Charles Deutsch, ScD, recently retired after more than 20 years in the faculties of Public Health and Medicine at Harvard University. He was principal investigator for a variety of domestic and global health promotion and disease prevention initiatives. Early in his career he focused on curriculum development and training programs to promote protective social relationships (CDC). Innovative work on substance abuse prevention for NIAAA led to his book, Broken Bottles, Broken Dreams: Understanding and Helping Children of Alcoholics. At Harvard, he organized and directed the blue-ribbon National Committee on Partnerships for Children’s Health to promote stronger collaborations between universities and state government (CDC), and was co-founder and deputy director of Harvard’s Prevention Research Center on Nutrition and Physical Activity. His global projects included a training program for community health workers and their supervisors in East Africa (WHO) and a ten-year national process to develop and support rigorous standards for peer education in HIV prevention in South Africa (CDC, USAID) and Eastern Europe/West Asia (UNFPA). As director of the Population Health Research Program at Harvard Catalyst, the university’s clinical and translational science center, he was PI for the evaluation of Massachusetts’ innovative Prevention and Wellness Trust Fund initiative, and helped to initiate the Mixed Methods Research Training Program for the Health Sciences (NIH). His book on the practice of peer learning, with Dr. Dirk Rohr, will be published in Germany later this year.
Tim Guetterman, PhD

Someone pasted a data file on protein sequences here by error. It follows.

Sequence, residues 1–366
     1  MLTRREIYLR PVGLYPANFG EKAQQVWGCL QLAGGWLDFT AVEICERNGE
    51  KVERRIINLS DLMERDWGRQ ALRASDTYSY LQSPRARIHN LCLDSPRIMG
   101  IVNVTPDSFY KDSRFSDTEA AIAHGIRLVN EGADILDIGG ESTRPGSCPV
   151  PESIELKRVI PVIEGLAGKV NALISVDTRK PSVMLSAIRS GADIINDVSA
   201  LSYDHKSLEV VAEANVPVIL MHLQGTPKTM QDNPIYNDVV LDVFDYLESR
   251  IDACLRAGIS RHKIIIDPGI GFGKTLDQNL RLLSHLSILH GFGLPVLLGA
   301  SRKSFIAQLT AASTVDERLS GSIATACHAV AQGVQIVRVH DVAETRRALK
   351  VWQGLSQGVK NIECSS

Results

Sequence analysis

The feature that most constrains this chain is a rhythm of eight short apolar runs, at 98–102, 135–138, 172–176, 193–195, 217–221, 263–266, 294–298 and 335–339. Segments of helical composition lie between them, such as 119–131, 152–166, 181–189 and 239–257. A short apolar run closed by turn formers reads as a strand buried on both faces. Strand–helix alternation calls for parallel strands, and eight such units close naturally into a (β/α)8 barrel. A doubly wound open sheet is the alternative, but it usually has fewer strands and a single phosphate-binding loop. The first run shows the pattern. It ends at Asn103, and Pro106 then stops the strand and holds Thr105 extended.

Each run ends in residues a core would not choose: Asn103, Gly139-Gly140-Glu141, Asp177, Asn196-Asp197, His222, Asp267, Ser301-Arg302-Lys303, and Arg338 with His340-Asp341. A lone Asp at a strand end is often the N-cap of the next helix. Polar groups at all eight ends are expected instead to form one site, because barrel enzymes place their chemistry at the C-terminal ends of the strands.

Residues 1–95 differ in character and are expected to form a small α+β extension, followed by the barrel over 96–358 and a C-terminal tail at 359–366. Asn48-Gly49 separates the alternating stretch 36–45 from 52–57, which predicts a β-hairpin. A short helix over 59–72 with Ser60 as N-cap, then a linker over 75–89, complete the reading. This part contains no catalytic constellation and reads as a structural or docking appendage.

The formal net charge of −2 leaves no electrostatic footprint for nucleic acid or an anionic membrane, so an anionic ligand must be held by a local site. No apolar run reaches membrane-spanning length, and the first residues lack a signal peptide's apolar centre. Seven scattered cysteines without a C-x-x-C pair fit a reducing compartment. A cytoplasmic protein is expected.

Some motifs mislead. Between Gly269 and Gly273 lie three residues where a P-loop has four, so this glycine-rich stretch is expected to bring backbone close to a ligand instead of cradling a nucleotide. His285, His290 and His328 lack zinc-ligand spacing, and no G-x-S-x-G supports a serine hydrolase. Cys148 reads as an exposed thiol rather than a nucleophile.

Applied Research Methodologist
Assistant Professor, Family Medicine
University of Michigan
Tim Guetterman, PhD, MA, is an applied research methodologist. His research interests, scholarship, and teaching are in research methodology, namely mixed methods research and qualitative inquiry. His current methodological work is focused on integrating qualitative and quantitative data. In addition, he studies informatics technology using mixed methods health services research to improve health equity. Many of his projects are focused on cardiovascular health improvement. He provides methodological consultation on mixed methods studies across the health sciences and social sciences.
Sarah McIvor Murray, PhD
Johns Hopkins University
Sarah McIvor Murray, PhD, is an Assistant Professor in the Department of Mental Health at the Johns Hopkins Bloomberg School of Public Health (JHSPH) and a psychiatric epidemiologist and global mental health researcher by training. Broadly, her research has used multiple and mixed methods to develop and evaluate prevention and treatment interventions for mental health in low-resource and violence-affected areas. Her current research focuses on the intersection between gender-based violence, stigma, and mental health with a goal of developing strategies for intervening at both the individual and community level. In addition, Murray currently a PI or Co-I on several mixed methods projects that seek to characterize and understand mechanisms by which intersectional stigma shapes mental health and other health outcomes among diverse sexual and gender minority communities.